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MISAWA AIR BASE, Japan — The Patriot Express will resume service to Misawa in October, making official travel easier and offering space available seats that could save travelers thousands of dollars.

"I think it’s awesome," said Nicole Hanley, a member of a military family. "I’ll be using it."

The U.S. Transportation Command announced this week that Misawa and U.S. Naval Station Rota in Spain are the newest additions to the commercially chartered routes.

The military saves expenses on official travel — when families move between duty stations or when personnel go on temporary duty trips — by encouraging use of Patriot Express travel.

The service was suspended at Misawa and Marine Corps Air Station Iwakuni, Japan, in September 2006 because there weren’t enough official travelers.

Iwakuni was put back on the route in April, with officials saying that the so-called "paying passengers," those on official orders, had consistently exceeded financial goals set for the Japan route.

Because of Misawa’s remote location — it’s situated on the northern tip of the main island of Honshu — travel to and from the United States can be difficult, expensive and time consuming.

Hanley said that the last time her family of five traveled back to the United States, they opted to make the 9-hour drive to Yokota Air Base to catch the Patriot Express because other overseas flight options were too expensive.

"We couldn’t afford it," she said.

The only charge for the space available seat on the Patriot Express is a $27.40 inspection fee per traveler.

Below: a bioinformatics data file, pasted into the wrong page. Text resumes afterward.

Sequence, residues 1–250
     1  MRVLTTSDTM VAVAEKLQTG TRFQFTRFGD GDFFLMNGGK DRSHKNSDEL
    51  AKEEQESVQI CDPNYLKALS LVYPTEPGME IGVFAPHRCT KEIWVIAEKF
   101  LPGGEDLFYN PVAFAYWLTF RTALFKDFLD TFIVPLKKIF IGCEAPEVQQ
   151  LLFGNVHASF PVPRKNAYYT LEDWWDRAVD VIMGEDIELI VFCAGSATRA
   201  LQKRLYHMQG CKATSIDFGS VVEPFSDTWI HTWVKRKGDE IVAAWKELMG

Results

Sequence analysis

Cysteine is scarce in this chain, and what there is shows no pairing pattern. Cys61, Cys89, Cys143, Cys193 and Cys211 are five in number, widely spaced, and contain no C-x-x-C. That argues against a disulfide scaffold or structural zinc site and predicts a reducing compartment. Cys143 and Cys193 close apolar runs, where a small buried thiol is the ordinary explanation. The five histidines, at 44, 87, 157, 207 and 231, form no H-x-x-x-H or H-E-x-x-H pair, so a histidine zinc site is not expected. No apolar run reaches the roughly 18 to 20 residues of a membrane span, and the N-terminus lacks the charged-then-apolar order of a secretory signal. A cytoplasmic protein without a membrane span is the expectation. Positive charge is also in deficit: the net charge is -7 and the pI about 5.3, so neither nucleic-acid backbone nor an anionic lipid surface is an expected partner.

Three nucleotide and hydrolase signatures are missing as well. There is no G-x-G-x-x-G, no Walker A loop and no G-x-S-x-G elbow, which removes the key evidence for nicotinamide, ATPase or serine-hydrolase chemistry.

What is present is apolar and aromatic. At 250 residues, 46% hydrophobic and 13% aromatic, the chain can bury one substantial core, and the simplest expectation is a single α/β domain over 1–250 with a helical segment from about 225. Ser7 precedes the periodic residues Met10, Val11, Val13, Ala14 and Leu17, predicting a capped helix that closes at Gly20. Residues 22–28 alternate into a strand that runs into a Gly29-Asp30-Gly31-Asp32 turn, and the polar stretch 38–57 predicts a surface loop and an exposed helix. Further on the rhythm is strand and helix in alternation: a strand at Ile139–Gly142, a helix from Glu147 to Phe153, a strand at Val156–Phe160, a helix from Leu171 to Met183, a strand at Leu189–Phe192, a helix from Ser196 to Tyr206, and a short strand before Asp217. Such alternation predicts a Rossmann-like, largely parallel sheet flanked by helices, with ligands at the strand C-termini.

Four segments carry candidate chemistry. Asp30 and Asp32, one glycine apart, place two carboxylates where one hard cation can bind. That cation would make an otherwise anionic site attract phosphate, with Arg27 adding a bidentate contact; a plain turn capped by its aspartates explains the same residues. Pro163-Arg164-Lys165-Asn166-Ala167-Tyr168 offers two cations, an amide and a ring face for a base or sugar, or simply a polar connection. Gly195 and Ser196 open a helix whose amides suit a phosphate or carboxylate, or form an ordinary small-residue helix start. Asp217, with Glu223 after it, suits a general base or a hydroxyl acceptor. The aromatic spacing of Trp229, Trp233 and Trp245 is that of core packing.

Transportation Command spokeswoman Cynthia Bauer said in an e-mail response to a Stripes query that officials are reviewing contract proposals for the service to begin in October, so few details were available.

World Airways holds the current contract, flying a chartered DC-10 that can carry 315 passengers on the Pacific route. Flights now depart Seattle-Tacoma International Airport on Thursday morning, arriving at Yokota on Friday.

They continue through to Marine Corps Air Station Iwakuni and Kadena Air Base on Okinawa that same day. On Saturday, the flight routes back through Iwakuni and Yokota and then to Seattle.

Bauer was unable to say how the schedule will change when Misawa is added. She said the command would have specifics on route changes after the decision is made on the contract.

She said the command expects about 50 passengers a week from Misawa.

The program has been "lauded as a great success" at Iwakuni, said base spokesman Capt. Lawton King.

King, who arrived himself on the Patriot Express about three weeks ago, said bringing incoming personnel straight to the base "streamlines the voyage and simplifies" what could be a difficult experience of arriving in a foreign country.

Rota officials said Thursday that they are awaiting details from Transportation Command on when flights will resume to the base, spokesman Navy Lt. Ben Tisdale said. "It’s going to very exciting when it does," he said. "Now we can get back to the States on a dedicated flight. A lot of people have been asking about it."

Stripes reporter Sandra Jontz contributed to this story.

Potential passenger savings

Currently, travelers headed from Misawa to the United States must go through Tokyo’s Narita International Airport. Round-trip options and prices include:

Shuttle bus: Misawa runs an overnight shuttle bus to Narita. Tickets for the 12-hour ride are $140 for passengers 5 years and older, and $80 for children who are younger.Bullet train: Adult fare to Tokyo Station is about $330. From Tokyo station, the round-trip train to Narita will cost another $65.Commercial Air: Adult fare to Tokyo’s Haneda Airport is about $615. The round-trip shuttle bus to Narita is about $65 and takes about an hour and 15 minutes each way. A round-trip train trip will cost about $35 and take nearly two hours each way.Stars and Stripes

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